The best way to approach the elimination of visual clutter is by simply cloning it away with the patch or clone tools. In situations where the visual clutter is interesting enough that you would like to keep it while also reducing its impact, a world of difference can be made by simply dodging and burning so that the visual clutter has less contrast relative to surrounding objects in the frame. Fortunately, you don't have to be as concerned about cloning perfectly as background elements do not face the same level of visual scrutiny that the primary subject will, just be careful not to create any obvious and unnatural repeating patterns due to overzealous cloning as the human brain tends to pick up on that sort of thing very quickly. 

Eliminate Distractions That Are Not Assets to the Story You Are Telling

Sometimes in the moment of shooting an overzealous equine friend opts to shimmy his most glorious of hindquarters into your precious frame. This sort of thing happens frequently while shooting. Whether it be a magnificently muscular horse butt or even something as simple as another human walking into the background of your frame, Murphy's Law dictates that the expression and/or pose of that very moment will be the one that the model or client adores the most which means you, as a photographer, are presented with the challenge of a distracting element in your frame that needs to be gotten rid of. In situations where this sort of thing is likely to happen, make sure to shoot plenty of images so that you have other images to composite with in order to eliminate any annoyances that completely obliterate the elegance of your photo.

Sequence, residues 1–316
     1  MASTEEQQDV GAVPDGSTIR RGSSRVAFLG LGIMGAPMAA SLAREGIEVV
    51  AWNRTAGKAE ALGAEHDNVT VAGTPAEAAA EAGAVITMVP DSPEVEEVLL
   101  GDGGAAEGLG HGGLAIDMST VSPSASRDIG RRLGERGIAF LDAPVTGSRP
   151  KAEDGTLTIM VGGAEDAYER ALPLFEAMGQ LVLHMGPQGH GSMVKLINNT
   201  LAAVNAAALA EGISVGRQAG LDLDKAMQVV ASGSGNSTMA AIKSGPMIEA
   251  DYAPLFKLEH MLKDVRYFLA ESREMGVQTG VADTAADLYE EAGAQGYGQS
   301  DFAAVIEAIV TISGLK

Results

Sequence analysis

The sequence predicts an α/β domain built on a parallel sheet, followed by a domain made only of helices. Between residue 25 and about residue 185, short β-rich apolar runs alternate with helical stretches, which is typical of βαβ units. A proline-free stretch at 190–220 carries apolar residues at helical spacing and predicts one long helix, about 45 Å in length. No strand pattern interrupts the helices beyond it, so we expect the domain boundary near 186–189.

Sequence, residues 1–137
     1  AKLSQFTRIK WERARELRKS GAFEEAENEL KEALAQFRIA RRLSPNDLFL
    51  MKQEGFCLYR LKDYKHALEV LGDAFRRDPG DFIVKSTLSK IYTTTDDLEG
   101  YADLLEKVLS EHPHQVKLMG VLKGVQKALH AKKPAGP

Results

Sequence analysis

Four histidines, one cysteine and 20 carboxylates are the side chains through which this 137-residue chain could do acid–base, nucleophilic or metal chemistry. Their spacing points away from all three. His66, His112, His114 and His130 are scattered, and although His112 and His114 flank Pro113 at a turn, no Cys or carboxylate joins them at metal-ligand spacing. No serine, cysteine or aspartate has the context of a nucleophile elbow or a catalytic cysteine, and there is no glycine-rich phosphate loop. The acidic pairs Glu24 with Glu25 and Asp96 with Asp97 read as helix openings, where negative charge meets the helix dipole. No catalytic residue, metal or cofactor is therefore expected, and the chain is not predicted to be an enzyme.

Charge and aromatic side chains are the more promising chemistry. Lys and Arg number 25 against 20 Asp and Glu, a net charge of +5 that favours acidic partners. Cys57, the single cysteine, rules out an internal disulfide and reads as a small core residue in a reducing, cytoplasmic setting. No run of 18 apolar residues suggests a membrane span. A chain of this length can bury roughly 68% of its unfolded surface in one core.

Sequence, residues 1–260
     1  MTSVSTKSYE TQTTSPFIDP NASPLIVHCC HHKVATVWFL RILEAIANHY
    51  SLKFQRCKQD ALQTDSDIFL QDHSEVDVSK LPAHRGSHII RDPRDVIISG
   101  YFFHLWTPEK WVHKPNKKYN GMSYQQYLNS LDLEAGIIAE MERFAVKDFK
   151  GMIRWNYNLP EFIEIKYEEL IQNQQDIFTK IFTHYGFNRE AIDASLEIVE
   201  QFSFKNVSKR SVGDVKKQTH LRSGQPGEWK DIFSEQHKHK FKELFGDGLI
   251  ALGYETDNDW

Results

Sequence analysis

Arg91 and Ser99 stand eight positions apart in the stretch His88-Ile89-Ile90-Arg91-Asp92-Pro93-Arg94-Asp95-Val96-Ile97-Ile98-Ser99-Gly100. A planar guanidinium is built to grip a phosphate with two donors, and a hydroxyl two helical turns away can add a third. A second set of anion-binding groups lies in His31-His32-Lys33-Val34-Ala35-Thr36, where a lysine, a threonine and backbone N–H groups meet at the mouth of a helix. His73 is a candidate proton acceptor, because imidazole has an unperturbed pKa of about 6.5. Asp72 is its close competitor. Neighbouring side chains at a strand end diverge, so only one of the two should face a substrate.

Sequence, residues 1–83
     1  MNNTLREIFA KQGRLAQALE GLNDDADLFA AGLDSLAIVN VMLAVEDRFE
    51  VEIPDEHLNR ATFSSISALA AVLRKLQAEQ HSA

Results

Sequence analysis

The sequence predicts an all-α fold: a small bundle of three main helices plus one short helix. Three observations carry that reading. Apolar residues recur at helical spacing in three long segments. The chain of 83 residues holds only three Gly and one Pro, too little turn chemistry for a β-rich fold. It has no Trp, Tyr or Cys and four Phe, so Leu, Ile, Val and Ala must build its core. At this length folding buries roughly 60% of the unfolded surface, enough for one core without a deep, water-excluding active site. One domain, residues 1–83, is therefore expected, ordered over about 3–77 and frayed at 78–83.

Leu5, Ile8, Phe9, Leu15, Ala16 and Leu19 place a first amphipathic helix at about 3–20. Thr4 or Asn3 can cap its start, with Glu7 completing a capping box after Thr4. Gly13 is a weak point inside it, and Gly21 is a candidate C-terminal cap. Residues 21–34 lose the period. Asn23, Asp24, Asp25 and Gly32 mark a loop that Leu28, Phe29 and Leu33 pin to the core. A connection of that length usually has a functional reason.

Don't Oversaturate Your Edges While Vignetting

One of the most common and easily executed methods of focusing the viewer's attention is by adding a subtle vignette to your images in order to guide the viewer's eye towards the subject. A common mistake when adding a subtle vignette is to forget that when the exposure of vibrant elements is reduced their saturation increases. An increase in saturation along the edges of the frame can create a weird feeling that the image has a hollow of vibrant color while the subject feels a bit muted. In order to combat this, a simple solution is to subtly reduce the saturation of areas affected by your vignette in order to even out the saturation of the entire composition so a consistent level (Alternatively, you can also apply an increase in saturation to areas not impacted by the vignette if you prefer the look of heavy saturation).


As photographers, our primary goal is to be visual storytellers. By focusing beyond the primary subject and ensuring the entire frame is aiding in the telling of a concise, focused story we are able to create images that have a more profound level of impact. Always step back to evaluate the entire photo before your final export to make sure that it doesn't have any distractions that are competing with your creative vision. One of my favorite techniques is to always take a critical look at a photo's thumbnail before ever considering it complete. At the thumbnail size, you shouldn't notice anything other than the most important aspects of the image, if anything is competing for attention in a tiny thumbnail it is certainly going to be a problem at full size.